Margie Yeager is a Partner with our Advocacy grant making team.
This week, DC Council unanimously passed legislation to create a lottery preference for at-risk students (students who are in foster care, experience homelessness, receive food support via SNAP and TANF, or — for high school students — who are overage and undercredited). This is good news for DC’s students and families, especially as we face unprecedented times.
Here are four fast facts about the #PreferenceEquity legislation, or Expanding Equitable Access to Great Schools Act of 2020.
1. At-risk students need more access to sought-after schools.
In School Year 2018-2019, only one in four at-risk students attended a four- or five-star school, compared to nearly 60 percent of DC’s non-at-risk students. And, at-risk students are less likely to live in-boundary for a four- or five-star school, so entering the lottery is the sole means of accessing higher-performing public schools.
2. The preference could result in a ten-fold increase in the match rate of at-risk students at highly desirable schools.
The DC Policy Center simulated what such a preference would mean for at-risk students at a highly desirable charter school with a long waiting list. The result is a ten-fold increase in the match rate of at-risk students. The model projects that an at-risk lottery preference after the sibling preference results in 61 percent of the pre-K3 class serving students who are at-risk. Implementing the at-risk preference before the sibling preference results in 100 percent of the class being at-risk.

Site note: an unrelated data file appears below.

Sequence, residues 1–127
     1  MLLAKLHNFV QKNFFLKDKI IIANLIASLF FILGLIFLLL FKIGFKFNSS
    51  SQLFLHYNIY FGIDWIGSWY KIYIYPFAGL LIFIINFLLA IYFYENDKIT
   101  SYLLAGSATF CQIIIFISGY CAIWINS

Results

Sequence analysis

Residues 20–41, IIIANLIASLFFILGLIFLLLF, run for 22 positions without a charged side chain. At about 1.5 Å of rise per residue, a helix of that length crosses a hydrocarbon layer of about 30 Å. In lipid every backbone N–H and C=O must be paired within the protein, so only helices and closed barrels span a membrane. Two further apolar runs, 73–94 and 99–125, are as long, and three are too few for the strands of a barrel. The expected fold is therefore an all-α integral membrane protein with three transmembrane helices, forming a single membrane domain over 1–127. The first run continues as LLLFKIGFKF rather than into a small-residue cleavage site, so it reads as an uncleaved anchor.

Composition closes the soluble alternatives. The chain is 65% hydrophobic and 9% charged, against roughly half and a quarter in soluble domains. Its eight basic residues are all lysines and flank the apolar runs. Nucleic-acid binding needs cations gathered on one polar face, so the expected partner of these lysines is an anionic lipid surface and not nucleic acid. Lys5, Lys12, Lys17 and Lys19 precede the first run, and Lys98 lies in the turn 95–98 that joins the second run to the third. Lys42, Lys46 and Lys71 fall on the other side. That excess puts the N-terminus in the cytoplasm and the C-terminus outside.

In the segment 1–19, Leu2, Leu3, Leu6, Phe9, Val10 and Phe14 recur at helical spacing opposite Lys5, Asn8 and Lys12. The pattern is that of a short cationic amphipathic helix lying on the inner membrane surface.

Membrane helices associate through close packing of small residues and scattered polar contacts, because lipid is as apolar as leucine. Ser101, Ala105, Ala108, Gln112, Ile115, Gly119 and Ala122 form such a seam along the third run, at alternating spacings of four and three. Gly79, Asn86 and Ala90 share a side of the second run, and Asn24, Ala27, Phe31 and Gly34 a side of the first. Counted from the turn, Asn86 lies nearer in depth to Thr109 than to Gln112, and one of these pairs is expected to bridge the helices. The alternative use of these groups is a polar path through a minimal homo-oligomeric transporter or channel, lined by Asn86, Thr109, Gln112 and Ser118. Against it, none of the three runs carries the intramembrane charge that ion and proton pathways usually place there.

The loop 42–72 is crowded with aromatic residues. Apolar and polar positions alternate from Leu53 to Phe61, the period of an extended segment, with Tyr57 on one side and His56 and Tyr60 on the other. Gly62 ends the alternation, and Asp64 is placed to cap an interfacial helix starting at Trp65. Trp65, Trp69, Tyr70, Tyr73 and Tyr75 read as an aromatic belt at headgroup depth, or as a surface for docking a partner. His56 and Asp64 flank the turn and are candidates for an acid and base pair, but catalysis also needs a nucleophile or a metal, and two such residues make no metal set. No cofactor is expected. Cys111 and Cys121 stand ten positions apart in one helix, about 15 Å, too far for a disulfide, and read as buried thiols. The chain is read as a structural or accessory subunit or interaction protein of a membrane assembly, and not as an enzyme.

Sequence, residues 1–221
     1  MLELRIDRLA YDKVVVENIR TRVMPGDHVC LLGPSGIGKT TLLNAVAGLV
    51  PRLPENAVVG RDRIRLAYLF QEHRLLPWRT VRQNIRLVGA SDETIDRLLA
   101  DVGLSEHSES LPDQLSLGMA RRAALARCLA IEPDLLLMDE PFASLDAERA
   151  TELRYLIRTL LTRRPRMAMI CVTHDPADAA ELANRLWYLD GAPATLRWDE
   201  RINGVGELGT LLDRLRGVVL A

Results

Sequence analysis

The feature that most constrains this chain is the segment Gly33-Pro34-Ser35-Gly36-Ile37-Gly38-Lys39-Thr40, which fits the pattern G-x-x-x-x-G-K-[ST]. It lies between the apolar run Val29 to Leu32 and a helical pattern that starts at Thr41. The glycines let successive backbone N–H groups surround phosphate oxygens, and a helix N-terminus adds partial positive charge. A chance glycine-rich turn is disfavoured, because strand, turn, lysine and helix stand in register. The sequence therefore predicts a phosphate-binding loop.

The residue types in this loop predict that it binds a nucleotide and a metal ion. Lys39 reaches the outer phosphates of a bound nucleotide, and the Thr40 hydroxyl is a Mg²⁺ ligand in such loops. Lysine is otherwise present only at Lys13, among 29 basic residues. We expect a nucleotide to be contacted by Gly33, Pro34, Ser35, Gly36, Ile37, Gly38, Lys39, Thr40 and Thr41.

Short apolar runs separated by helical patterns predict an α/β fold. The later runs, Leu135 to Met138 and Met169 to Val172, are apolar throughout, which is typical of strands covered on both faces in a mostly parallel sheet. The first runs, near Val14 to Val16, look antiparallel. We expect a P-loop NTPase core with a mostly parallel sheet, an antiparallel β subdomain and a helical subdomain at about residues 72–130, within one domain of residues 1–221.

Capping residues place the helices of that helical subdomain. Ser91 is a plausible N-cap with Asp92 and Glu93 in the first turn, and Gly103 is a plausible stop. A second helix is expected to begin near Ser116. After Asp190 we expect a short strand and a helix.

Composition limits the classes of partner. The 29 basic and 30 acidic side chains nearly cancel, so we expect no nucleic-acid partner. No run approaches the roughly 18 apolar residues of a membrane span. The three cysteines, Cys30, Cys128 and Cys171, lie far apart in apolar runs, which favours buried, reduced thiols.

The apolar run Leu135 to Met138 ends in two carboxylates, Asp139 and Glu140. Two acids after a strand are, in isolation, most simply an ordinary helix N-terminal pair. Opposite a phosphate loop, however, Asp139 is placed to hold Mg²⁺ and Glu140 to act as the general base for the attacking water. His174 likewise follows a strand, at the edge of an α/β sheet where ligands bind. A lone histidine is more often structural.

(Education Forward DC is a funder of the DC Policy Center and funded this report.)
3. Eight in 10 DC voters support the Equity Preference — and so do school leaders
According to October 2020 polling commissioned by Education Forward DC, eight in 10 DC voters support an equity lottery preference. School leaders at high-performing charter schools have also signaled support for such a preference.
4. DCPS is already making important steps in equity-focused preferences
The legislation, if passed, would be voluntary for charter schools to opt-into. Traditional public schools in DCPS can already utilize such a preference without legislation and DCPS opened the new Stevens school this year with such a preference in place.
DC Council will consider the legislation again next month for a second reading and the bill will be up for a final vote. Here’s to seeing how city officials, families, and schools can come together to support the students furthest from opportunity.